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    That isn't a proof by induction (in the modern sense certainly and not in any sense I can think of). what is statement P(n) for n in N? what well ordered set are you inducting on? That is a proof by construction, perhaps, if one were careful to explicitly work out the position in the grid of a given rational.
  17. Dec 23, 2005 #16
    Last edited: Dec 24, 2005
  18. May 14, 2008 #17
    Contrarian proof by induction that SQRT(2) is RATIONAL

    SQRT(2) = 1.413213562373...
    = 1 + .4 + .01 + .003 + .0002 + ...
    There is an infinite sequence of partial sums (1, 1.4, 1.41, 1.413,...) approaching SQRT(2).

    (a) The first term in the sequence is 1, which is a rational number.

    (b) Assume the nth term in the sequence is rational.
    To go from the nth term to the (n+1)th term, you add a rational number (the next digit).
    The sum of 2 rational numbers is a rational number,
    therefore the (n+1)th term is also rational.

    (c) From (a) & (b), by induction, every term in the sequence is rational.

    (d) Therefore if 1.413213562373... exists, it is rational.

    I've been told that the jump from (c) to (d) is invalid.
    They say SQRT(2) = = 1.413213562373... does exist but is not in the sequence.
    I don't understand that. The sequence is infinite, why wouldn't induction take it all the way? I believe the answer is that "completed (or actual)" infinities are invalid, so irrational numbers aren't really numbers - they're just labels for unlimited processes of approximation.
  19. May 14, 2008 #18


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    (a) and (b) are correct. Induction allows you to conclude (c), but not (d). Where does (d) come from? Induction is: "Given [itex]\phi(n)\Rightarrow\phi(n+1)[/itex] and [itex]\phi(1)[/itex], [itex]\phi(n)[/itex] for all natural n."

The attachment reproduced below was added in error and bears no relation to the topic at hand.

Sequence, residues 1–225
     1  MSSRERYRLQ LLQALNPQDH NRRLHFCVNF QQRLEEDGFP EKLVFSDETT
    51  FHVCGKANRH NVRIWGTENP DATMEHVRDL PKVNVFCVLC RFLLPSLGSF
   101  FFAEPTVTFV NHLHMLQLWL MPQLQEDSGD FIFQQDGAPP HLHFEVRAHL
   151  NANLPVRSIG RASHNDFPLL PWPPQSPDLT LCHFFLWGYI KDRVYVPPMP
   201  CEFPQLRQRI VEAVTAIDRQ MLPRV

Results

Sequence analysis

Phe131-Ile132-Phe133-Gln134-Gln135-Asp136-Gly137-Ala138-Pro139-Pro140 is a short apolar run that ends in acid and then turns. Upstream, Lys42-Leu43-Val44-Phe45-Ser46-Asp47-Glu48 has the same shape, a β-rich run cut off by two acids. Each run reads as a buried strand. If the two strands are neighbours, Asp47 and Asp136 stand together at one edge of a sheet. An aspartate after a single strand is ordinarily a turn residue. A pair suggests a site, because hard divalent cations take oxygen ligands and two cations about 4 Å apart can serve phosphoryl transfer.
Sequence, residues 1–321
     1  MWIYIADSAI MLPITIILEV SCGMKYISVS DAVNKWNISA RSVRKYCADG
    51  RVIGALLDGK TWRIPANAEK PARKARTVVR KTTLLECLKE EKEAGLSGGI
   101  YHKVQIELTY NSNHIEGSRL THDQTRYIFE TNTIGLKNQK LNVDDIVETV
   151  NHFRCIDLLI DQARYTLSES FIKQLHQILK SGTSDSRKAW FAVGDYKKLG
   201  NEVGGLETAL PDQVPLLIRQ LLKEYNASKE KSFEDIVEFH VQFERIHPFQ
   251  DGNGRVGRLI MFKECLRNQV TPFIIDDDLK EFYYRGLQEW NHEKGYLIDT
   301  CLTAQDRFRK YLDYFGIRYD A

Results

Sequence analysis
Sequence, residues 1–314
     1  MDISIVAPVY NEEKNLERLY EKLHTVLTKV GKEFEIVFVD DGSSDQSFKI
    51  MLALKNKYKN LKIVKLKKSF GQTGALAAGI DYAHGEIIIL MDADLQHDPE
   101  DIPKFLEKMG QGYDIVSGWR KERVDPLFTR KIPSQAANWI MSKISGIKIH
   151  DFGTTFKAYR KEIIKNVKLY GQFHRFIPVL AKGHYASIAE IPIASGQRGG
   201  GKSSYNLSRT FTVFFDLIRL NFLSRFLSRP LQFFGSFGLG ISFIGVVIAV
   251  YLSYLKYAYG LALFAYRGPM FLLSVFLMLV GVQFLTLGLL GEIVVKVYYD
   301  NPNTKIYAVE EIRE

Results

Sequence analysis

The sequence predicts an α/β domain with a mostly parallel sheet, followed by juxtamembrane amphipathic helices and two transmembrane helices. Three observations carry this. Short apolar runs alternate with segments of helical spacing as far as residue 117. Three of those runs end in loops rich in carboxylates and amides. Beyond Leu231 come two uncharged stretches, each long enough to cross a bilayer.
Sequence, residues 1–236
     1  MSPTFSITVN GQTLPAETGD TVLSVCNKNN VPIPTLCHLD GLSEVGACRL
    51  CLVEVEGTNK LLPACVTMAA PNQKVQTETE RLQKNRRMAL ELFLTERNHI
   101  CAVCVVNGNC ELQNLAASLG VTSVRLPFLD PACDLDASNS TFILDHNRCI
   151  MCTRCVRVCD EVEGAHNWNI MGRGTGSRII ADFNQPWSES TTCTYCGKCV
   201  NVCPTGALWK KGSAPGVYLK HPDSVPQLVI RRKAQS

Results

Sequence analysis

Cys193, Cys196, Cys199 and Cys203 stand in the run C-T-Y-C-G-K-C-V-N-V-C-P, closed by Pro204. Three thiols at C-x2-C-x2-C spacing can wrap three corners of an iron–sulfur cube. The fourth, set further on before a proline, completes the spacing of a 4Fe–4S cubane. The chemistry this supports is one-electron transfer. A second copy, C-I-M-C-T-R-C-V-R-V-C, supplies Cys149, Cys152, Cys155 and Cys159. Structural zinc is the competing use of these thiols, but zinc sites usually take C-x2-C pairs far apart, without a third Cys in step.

The defenition of real numbers includes their completeness, so of course the square root of 2 is a real number -- they're defined that way. Perhaps you mean that you don't think real numbers are 'real' in some philosophical sense?
  20. May 14, 2008 #19
    Let suppose that sqrt2 = a/b and thus is rational. Squaring we arrive at 2b^2 = a^2. Since two divides a^2 and is prime, 2 divides a. Thus we have the form 2b^2 = 4(a')^2. This then tells us that b is also divisible by 2 resulting in a simplification of 2(b')^2 = (a')^2.

    In the event that we have removed n twos from both sides and are left with a reduced case of [tex] 2\beta^2 = \alpha^2[/tex] We can use the same process to remove another set of 2s.

    Thus an infinity of 2s can be removed from both sides of the equation, but since we are speaking of integers this is an impossibility. Thus the sqrt2 is irrational.
    Last edited: May 14, 2008
  21. May 19, 2008 #20


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    the original proof by euclid is by the well ordering principle, i.e. inductiion.

    he proves that if 2 B^2 = A^2, then A is even, hence B is even, and then reduces the fraction further. he comments this reduction process cannot go on forever.

    indeed the assumption in greathouses proof that it is possible to choose A,B which gcd = 1, is proved by well ordering, since one takes the denominator as small as possible, say.

    i.e. induction is so basic to the usual proofs that we have ceased noticing it.
    Last edited: May 19, 2008